Figure 4 shows the SR distribution of CALIPSO lidar observations, wherein there are three large-frequency regions: SR >80 at 6-9 km; 7< SR <20 at 11-16 km; and 5< SR <20 at 6-9 km. The first region (SR >80 at 6-9 km) has the largest frequency of occurrence. This region corresponds to typical cumulus clouds over the TP, but the modeled values are located at 5-7 km, about 2 km lower than observed. The second large SR region (7< SR <20 at 11-16 km) is produced by the deep convective cloud systems over the TP. The model captures the main feature of convective cloud between 11 and 16 km, but the frequency occurrences for SR between 7 and 40 are too high. This suggests that the model overestimates the ice cloud optical depth in the upper troposphere, indicating the model's deep convection over the TP in boreal summer is too strong. A third large region is observed, with SR between 5 and 20 at 6-9 km, in CALIPSO, but it is missed in ACCESS, reflecting the deficiency of low cloud water content in the model. Of note is that large frequencies for SR <5 are observed at all levels by CALIPSO. Based on the GOCCP threshold definitions, these SR values indicate three cases: (1) atmospheric layers are cloud-free (0.01 < SR <1.2); (2) the lidar signal is fully attenuated by thick cloud above that layer (SR <0.01); and (3) layers can be unclassified because of the possible presence of subvisible cirrus clouds or aerosols (1.2< SR <5).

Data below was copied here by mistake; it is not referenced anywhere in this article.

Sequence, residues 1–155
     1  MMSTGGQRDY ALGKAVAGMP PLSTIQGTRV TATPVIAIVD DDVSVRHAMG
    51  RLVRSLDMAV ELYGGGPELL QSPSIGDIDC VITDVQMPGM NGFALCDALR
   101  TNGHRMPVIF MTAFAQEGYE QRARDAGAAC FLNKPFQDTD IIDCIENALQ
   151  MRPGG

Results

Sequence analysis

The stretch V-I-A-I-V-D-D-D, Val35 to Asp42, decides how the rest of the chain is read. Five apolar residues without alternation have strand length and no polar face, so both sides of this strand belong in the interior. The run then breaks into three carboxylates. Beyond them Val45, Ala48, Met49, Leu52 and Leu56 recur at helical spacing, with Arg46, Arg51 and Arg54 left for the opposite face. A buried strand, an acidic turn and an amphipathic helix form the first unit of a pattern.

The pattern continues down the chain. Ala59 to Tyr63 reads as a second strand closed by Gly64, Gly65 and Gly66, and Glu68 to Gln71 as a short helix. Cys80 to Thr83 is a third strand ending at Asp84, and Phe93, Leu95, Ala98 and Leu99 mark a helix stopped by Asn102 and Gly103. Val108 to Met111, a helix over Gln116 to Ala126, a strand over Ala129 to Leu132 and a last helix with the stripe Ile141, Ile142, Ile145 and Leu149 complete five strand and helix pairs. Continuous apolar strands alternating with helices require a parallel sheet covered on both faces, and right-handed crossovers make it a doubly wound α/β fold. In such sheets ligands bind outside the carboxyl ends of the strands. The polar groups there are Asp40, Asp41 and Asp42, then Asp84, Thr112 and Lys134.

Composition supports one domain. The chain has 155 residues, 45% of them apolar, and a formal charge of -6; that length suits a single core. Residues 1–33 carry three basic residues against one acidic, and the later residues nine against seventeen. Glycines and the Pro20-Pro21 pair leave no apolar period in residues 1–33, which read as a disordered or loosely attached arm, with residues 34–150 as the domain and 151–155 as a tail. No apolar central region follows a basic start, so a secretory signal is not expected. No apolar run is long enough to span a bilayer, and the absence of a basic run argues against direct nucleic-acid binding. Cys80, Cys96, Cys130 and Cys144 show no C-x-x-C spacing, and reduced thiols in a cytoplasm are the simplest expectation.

Figure 4.  Lidar SR-height histogram from (a) CALIPSO observation and (b) the ACCESS lidar simulator over the main TP in JJA. Units: 10-3.

    As we can see from Figs. 3 and 4, ACCESS simulates less Tibetan cumulus clouds at middle levels compared with CALIPSO and CloudSat observations, whereas it produces more small ice particles at high levels and more water content/raindrops at low levels.

    We further examine the seasonal variation of clouds over the main TP, and Fig. 5 shows the month-height cross section of cloud fractions determined by CALIPSO, ACCESS, and ERA-Interim. Similar to the result of (Yan et al., 2016), all datasets show a seasonal variation of the cloud fractions over the main TP: a single peak at 8-11 km from January to May, and two peaks at 6-9 km and 12-15 km from July to September. However, after the onset of the summer monsoon in May, the ACCESS 8-11 km maximum shifts to 12-15 km, while it shifts to 6-9 km in observations and reanalyses. Figure 5d shows the differences between simulated and observed cloud fractions, and one can see that there are large negative middle-level biases and positive biases aloft.